Developing Novice Teachers as Change Agents: Student Teacher Placements against the GrainReport as inadecuate




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Teacher Education Quarterly, v30 n2 p55-68 Spr 2003

Efforts at reforming urban schools have often revolved around choosing the right formulaic programs or providing sufficient funds to repair schools. However, too little attention has been paid to staffing schools with competent teachers who desire to stay and effect reform. Finding ways to educate student teachers and novice teachers at these schools so they see themselves as capable of generating substantive change has been difficult. How does a university assist student teachers at urban sites to become both competent and empowered while simultaneously learning to teach? As teacher educators who place student teachers solely in urban settings, the authors contend that novice teachers need to develop feelings of ownership so they feel empowered to transform the urban educational setting rather than feel defeated by it. The question, then, is this: How does a teacher education program based on the premise of developing novice teachers as transformative urban educators place student teachers in urban classrooms? The authors seek to investigate this question by examining the placement of their student teachers in two urban schools. At both schools, at the end of the first year, it was found that the preservice teachers had become change agents for their guiding teachers in terms of implementing changes and thinking about practice. This finding fueled additional study and analysis to flesh out the conditions under which students effect change in their placements. (Contains 1 note.)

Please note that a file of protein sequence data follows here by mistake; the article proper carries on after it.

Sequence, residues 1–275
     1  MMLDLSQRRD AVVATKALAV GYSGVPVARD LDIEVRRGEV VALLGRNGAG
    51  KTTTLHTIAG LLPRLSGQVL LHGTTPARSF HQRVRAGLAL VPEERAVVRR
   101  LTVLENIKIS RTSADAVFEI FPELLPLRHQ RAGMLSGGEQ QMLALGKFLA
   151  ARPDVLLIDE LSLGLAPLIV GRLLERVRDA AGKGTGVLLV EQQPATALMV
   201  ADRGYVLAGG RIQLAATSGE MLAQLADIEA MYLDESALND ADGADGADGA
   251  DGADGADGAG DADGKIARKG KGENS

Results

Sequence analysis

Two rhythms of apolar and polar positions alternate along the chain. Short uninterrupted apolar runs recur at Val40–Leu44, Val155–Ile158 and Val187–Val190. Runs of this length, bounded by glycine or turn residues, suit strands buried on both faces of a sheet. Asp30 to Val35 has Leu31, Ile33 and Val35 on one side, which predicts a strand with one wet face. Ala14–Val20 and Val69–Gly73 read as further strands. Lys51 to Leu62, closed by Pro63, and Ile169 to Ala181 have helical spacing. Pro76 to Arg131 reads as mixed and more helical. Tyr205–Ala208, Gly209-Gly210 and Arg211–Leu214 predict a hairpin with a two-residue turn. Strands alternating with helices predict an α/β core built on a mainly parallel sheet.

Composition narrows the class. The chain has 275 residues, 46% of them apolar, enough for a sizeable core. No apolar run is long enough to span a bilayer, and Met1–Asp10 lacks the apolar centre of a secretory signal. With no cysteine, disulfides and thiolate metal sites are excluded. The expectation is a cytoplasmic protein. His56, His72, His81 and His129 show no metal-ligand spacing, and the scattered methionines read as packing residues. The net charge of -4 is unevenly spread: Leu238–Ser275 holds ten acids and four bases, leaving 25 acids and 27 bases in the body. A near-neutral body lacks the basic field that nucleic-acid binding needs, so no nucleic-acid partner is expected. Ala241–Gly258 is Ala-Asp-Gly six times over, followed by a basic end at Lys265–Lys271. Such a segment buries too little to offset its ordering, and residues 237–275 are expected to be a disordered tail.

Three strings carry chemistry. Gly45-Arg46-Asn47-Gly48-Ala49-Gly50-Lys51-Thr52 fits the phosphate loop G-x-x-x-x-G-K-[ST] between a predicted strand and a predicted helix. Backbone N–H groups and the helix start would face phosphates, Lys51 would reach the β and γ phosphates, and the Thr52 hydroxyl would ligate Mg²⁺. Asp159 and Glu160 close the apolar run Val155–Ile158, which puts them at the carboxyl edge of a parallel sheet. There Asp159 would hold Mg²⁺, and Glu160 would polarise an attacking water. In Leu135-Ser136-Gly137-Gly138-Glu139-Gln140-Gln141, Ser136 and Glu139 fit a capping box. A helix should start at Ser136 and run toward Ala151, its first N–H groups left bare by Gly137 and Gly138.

Descriptors: Beginning Teachers, Change Agents, Preservice Teacher Education, Student Teachers, Urban Schools, Teacher Education Programs, Teacher Educators, Educational Change, Teacher Empowerment, Master Teachers

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Author: Lane, Sheila; Lacefield-Parachini, Nancy; Isken, JoAnn

Source: https://eric.ed.gov/?q=a&ft=on&ff1=dtySince_1992&pg=7034&id=EJ852357



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